Hedge Fund Rebound Spawns Opportunities in Relative Value

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After a year of scrambling to overcome high-water marks thrown up by 2008's broad portfolio losses, the hedge fund industry is approaching its October 2007 peak asset level. That bodes well for hiring, promotion and compensation prospects - especially for strategies such as relative-value trading that are leading the industry upswing.

Industry-wide assets under management have rebounded to roughly $1,67 trillion - just 2 percent below the previous record high, according to data from Chicago-based Hedge Fund Research (HFR). The Financial Times rerports:

Strong performance and the beginnings of investor inflows back into funds have seen the industry quickly bounce back from the lows hit in early 2009, when clients rushed to pull capital from hedge funds as part of a flight to more liquid investments.

Hedge fund returns averaged 24.55 percent last year and 2.56 percent so far this year, according to an index compiled by CFR. Last year's return was the highest in a decade.

The average relative-value fund has returned 3.58 percent in 2010. The strategy also outperformed in 2009 when it gained 25.8 percent. While that's close to the average for the broad index covering all fund strategies, the usual return expectation for relative value is less than half that because it entails less risk.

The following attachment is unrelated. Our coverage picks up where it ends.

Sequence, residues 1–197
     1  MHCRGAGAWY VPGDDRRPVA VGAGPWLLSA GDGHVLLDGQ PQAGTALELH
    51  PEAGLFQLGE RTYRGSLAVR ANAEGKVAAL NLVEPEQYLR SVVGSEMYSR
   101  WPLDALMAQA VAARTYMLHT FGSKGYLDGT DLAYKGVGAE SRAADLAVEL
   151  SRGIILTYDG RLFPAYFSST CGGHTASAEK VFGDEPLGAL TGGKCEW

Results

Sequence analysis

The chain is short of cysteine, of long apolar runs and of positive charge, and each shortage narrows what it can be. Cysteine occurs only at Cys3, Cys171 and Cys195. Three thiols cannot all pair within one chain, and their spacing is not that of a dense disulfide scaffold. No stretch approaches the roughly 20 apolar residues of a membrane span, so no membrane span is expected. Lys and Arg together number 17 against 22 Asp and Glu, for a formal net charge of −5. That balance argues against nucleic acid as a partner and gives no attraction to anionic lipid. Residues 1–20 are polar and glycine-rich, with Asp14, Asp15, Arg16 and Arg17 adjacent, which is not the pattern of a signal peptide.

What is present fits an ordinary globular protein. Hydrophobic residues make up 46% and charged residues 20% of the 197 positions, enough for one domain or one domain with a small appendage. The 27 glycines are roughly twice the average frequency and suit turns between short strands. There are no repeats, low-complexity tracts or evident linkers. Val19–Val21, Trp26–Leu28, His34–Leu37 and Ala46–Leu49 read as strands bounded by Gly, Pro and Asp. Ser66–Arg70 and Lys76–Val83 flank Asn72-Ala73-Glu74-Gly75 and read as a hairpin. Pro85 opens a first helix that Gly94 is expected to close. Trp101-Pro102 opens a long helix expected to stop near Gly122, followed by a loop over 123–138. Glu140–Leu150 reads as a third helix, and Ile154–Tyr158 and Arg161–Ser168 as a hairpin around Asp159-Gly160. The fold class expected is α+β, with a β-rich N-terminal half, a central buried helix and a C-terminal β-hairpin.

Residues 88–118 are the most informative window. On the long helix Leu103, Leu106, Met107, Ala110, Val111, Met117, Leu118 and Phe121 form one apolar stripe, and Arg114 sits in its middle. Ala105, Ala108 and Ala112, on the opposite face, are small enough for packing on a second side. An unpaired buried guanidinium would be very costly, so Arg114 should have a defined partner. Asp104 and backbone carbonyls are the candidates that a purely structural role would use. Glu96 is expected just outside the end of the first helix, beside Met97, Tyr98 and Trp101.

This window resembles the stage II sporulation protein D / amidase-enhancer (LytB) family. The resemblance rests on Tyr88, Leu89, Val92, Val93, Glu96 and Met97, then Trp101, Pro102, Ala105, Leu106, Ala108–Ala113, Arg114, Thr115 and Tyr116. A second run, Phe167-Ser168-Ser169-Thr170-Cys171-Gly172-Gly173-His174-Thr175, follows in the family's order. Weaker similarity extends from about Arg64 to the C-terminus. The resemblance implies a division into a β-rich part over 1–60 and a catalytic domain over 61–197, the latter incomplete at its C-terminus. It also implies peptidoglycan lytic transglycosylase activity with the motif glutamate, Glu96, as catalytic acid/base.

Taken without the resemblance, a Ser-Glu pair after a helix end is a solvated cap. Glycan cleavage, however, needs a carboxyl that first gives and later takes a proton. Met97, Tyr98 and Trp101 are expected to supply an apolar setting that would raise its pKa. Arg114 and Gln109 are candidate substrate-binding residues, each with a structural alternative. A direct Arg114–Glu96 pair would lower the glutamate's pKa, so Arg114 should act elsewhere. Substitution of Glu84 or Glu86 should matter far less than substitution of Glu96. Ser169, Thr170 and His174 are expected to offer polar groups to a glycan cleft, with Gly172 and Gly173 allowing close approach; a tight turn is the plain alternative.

Career prospects within relative-value hedge funds gained along with investment prospects because many banks opted to shutter their proprietary trading operations.

This year's leading performers in the relative-value category include:

- Pimco's $2bn PARS IV fund (run by Bill Gross).

- Element Capital, run by Jeffrey Talpins, with $1.4 billion under management.

- Capula Global, whose $4 billion in assets makes it one of the group's largest.

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